What’s up in the world, then? The fun exciting world of global retail that is, not the other, floody, hurricaney, earthquakey one. Well, things are pretty grim there too, as it turns out: in the UK, Asda is laying off hundreds of head office jobs in a cost-saving move, while Tesco – having built a “Big, Bold and Homely” hyper designed by a Swedish agency called Blink, a store designed to be more “foody and human scale” according to the blurb – have also raised the ire of consumers by deducting £3.4m (or 10% of total proceeds) from the sales of its charity plastic bags. Over in the US, in the meantime, the Amazon takeover is proving a gift to the posher punters who patrol the earthy, yet gleaming aisles of Whole Foods in search of microgreens and organic spelt. The Clicky One has cut prices by as much as 43% across the group, including bananas, eggs, avocados and rotisserie chicken, throwing down a gauntlet for the likes of Walmart, Costco, Giant and Kroger. And in China, fast becoming the global capital of good ideas executed at scale, online giant Alibaba is following up its incredible Hema grocery concept store with a five-storey mall, packed full of Alibaba specialties and traditional retail. 
Comment: Because we’re in the middle of it, we have no real idea of the change that technology is wreaking right now.

Bloomberg 28/08/17, CNBC 05/09/17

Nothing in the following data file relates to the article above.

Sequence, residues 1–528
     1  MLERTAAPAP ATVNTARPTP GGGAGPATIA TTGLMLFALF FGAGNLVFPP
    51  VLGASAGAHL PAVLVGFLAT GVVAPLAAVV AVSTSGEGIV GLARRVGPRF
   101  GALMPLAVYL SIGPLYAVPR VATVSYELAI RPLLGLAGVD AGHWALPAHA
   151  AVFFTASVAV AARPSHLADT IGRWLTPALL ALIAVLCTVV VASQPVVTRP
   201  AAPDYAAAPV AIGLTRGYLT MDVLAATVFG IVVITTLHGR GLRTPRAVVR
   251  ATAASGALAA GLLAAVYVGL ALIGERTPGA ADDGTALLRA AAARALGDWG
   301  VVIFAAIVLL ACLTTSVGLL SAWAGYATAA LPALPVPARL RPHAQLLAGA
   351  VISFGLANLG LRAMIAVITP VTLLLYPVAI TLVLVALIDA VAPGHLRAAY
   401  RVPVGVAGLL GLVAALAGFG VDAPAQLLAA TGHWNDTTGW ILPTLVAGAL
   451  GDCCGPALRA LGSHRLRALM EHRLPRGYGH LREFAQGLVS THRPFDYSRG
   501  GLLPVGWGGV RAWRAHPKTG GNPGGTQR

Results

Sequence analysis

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Clover  A whiter shade of pail

In a sombre trading update last week, of a sort with which we have become all too familiar, Clover let it be known that headline earnings, a reliable measure of profitability, would be down by as much as 65% for the year. This muted performance was caused in substantial part by the drought and by currency fluctuations which increased input costs beyond the point at which they could be covered by price increases – themes echoed by businesses across the industry this reporting season. Clover is a well-run business however, and has a plan, involving cost-savings, the spin-off of the more volatile and commodities milk business through Dairy Farmers SA and an increase in market share – all of which should see an uptick in the results in 2018. The business is also developing higher margin, value-added products in dairy and other food categories. 
Comment: Tough times, down at the dairy and in homes around the country alike.

Tatler Reporter 11/09/17

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Rhodes Foods  The long and winding Rhodes

Another trading update, this time from (relative) newcomer Rhodes Foods. Regional turnover for the ten months through July, they report was up 21.1%, and the integration of recent acquisitions Pakco and Ma Baker is proceeding apace, delivering the projected cost savings and synergies. That’s the good news. The export business, however, hasn’t fared as well, impacted by the strengthening of the rand (by 11-odd percent against Rhodes’ basket of trading currencies) and weakening demand for Rhodes’ industrial products, including pulp and puree. This has led Rhodes to warn punters of a decline in headline earnings of between 17% and 27%, with conditions in the last two months of the FY expected to continue along similar lines.